Proton Therapy for Head and Neck Cancer
Head and neck tumors are challenging to treat with radiation therapy because there are many sensitive structures nearby, such as the brain, spine, eyes, ears, nose and throat. Salivary and thyroid glands can also be affected.
The most advanced facility of its kind in Southern California, the Scripps Proton Therapy Center uses precise radiation treatments to help overcome these challenges. Protons deposit their maximum energy directly in tumors, reducing exposure to other organs and tissues. As a result, some patients with head and neck cancers can receive higher doses to tumors, which may improve their chances for a cure. Proton radiation treatments may also decrease radiation to surrounding healthy tissue, which could reduce the risk of damage, and lower the likelihood of secondary cancers.
The clinical and scientific teams have more than 90 years of combined experience treating patients with proton therapy. Learn more about the experts at the center.
From diagnosis and treatment to navigation and support, Scripps offers comprehensive cancer care. Learn how proton therapy further complements these services.
Proton Therapy for Head and Neck Tumors
Proton therapy is an extremely targeted form of radiation treatment. This precision is especially important for patients suffering from head or neck cancers. Sight, hearing, taste, swallowing and even brain power can be affected when radiation hits healthy tissue adjacent to the tumor.
Protons are an effective option because they can be targeted to deposit their maximum energy directly in diseased tissue. As a result, less radiation reaches sensitive healthy structures near the cancer. In many cases, aggressive cancers can be treated with higher doses. In addition, patients with recurrent cancers may be able to receive a second course of treatment, which might not have been possible with other forms of radiation.
This accuracy is even further enhanced by Scripps’ advanced imaging and pencil beam scanning technology, which focuses a narrow proton beam — smaller than the width of a pencil — to precisely target tumors.
Head and neck cancers treated with proton therapy
- Oropharynx, including tongue and tonsil cancers
- Lip and oral cancers
- Nasopharyngeal cancers
- Hypopharyngeal cancer
- Thyroid cancer
- Base of skull cancers
- Salivary gland cancers
Cancer treatment can be a difficult time for both patients and their families. Understanding this, Scripps offers a wide variety of care to ease the burden. Learn more about the support services available.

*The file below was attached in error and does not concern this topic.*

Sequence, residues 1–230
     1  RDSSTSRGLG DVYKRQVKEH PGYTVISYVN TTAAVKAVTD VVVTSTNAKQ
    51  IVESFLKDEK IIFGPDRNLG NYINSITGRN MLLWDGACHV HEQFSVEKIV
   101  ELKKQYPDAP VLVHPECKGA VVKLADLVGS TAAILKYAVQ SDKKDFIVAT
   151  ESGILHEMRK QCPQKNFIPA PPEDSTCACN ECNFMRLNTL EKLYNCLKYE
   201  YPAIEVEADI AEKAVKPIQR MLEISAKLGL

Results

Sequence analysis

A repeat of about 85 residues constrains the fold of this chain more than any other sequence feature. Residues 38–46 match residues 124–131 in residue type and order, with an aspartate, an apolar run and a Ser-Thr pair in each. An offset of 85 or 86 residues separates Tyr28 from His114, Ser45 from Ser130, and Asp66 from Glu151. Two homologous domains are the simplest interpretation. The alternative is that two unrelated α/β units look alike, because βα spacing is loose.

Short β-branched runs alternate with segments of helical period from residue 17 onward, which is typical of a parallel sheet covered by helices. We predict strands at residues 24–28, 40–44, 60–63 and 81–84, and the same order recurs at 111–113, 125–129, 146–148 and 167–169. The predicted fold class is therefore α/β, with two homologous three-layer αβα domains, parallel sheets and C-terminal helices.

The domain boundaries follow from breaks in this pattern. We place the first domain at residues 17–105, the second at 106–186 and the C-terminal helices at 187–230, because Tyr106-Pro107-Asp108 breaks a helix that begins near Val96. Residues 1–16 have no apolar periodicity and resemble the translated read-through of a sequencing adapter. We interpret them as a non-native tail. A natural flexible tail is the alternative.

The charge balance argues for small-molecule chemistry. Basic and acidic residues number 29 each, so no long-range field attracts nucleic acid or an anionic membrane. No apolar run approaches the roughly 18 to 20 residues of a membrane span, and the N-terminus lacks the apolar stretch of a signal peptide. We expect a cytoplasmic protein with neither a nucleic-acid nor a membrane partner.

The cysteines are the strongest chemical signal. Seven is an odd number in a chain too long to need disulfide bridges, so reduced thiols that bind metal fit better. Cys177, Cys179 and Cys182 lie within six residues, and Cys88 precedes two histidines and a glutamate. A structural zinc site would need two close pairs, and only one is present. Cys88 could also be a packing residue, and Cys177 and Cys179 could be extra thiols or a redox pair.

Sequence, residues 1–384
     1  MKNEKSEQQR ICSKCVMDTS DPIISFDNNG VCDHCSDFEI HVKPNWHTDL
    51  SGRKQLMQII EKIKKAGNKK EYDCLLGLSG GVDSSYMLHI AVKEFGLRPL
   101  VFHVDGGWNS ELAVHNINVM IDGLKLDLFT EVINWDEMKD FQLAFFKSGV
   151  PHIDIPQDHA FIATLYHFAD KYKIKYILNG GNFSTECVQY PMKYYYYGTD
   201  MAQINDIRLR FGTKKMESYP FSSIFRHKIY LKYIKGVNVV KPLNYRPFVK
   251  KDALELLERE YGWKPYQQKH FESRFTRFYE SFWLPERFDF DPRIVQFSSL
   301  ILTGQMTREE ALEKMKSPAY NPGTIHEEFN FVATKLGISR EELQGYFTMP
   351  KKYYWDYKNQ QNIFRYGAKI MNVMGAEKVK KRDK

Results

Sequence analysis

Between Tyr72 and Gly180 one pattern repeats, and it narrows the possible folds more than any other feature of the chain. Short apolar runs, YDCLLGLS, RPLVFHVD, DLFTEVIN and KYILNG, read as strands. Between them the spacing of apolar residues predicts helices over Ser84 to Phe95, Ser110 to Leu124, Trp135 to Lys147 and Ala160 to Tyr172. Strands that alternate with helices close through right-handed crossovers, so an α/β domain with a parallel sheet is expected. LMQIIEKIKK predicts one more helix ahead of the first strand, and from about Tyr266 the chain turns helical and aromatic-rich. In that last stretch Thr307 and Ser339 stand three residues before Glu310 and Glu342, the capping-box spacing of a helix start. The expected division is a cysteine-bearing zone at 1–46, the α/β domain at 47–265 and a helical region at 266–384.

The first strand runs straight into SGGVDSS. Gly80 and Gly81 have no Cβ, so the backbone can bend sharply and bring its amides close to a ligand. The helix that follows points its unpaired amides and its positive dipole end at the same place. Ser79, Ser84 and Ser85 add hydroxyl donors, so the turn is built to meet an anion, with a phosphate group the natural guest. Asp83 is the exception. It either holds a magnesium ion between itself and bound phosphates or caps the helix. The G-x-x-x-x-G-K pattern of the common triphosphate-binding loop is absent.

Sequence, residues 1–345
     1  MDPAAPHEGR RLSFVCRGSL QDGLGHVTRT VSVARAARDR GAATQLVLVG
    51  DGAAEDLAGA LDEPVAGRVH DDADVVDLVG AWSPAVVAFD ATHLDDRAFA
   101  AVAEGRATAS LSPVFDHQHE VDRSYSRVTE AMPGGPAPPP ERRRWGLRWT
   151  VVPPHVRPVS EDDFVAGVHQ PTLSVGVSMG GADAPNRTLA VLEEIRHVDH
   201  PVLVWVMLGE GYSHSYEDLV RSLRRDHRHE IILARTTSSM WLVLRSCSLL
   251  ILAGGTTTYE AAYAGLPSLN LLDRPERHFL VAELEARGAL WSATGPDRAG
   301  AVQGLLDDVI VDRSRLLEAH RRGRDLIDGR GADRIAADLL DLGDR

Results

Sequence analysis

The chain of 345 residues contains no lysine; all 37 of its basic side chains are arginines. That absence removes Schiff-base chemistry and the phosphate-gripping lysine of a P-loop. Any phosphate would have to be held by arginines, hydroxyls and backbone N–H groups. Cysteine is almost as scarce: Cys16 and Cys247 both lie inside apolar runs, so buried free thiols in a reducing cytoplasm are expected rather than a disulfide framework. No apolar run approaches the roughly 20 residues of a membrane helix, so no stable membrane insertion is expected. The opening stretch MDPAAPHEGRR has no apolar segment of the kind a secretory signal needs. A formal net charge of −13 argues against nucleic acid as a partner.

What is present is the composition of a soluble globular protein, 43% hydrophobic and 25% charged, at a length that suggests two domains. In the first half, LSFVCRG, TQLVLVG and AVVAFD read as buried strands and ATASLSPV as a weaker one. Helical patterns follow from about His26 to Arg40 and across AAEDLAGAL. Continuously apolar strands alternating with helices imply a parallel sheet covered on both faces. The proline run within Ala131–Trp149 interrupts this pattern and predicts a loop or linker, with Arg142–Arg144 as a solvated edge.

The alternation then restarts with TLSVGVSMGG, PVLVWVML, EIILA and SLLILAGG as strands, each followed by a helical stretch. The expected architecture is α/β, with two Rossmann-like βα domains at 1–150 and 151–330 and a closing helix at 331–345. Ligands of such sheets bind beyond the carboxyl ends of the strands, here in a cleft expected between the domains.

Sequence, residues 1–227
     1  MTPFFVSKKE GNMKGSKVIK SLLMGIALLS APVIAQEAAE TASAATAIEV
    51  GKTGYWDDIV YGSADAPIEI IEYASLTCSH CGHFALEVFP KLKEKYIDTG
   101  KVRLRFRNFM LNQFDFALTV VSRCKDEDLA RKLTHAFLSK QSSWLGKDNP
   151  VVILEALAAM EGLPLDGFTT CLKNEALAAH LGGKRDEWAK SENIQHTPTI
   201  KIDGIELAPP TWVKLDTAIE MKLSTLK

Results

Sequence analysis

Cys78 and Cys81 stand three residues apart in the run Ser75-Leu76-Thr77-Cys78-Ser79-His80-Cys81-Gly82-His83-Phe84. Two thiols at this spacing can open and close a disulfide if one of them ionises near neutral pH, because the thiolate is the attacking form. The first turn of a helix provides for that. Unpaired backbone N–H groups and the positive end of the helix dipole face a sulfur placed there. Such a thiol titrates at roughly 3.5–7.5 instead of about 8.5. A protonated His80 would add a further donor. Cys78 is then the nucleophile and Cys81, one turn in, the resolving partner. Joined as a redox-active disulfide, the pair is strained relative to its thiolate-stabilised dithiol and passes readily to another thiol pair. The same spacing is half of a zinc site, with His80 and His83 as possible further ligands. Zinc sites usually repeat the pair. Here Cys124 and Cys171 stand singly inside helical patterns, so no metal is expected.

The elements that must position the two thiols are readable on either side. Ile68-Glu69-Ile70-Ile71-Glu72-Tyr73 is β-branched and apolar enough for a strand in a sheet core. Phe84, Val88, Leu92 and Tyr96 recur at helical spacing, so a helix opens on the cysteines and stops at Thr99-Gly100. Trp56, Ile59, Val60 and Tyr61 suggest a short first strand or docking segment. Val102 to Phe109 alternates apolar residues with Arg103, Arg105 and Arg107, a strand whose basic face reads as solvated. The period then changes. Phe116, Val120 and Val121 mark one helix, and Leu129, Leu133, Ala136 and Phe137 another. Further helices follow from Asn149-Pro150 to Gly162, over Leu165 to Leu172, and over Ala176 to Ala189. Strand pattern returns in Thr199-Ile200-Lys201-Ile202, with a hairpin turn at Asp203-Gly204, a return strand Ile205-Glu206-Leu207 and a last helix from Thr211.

What to expect
Each patient’s therapy is precisely tailored to his or her needs. Patients and clinicians collaborate closely to create a personalized treatment plan. The number and length of treatments will vary, based on the cancer. How patients respond depends on many factors, including the types of treatments they are receiving. Many people tolerate proton therapy well and continue to perform normal activities. However, individual responses will vary. Learn more about what to expect during treatment.
Proton therapy is a highly precise form of external radiation therapy that can be used for tumor control in select patients. All cancer treatments have advantages and disadvantages. Be sure to discuss these, as well as your treatment options, with your cancer specialist.
Proton Therapy for Head and Neck Cancer Research
- Proton radiation therapy for head and neck cancer
- Proton radiotherapy for parameningeal rhabdomyosarcoma: clinical outcomes and late effects
- Proton radiation therapy for primary sphenoid sinus malignancies: treatment outcome and prognostic factors
- Proton radiotherapy for orbital rhabdomyosarcoma: clinical outcome and a dosimetric comparison with photons
- Proton therapy for head and neck cancer: rationale, potential indications, practical considerations, and current clinical evidence
- Re-irradiation with scanned charged particle beams in recurrent tumours of the head and neck: acute toxicity and feasibility
- The potential benefit of radiotherapy with protons in head and neck cancer with respect to normal tissue sparing: a systematic review of literature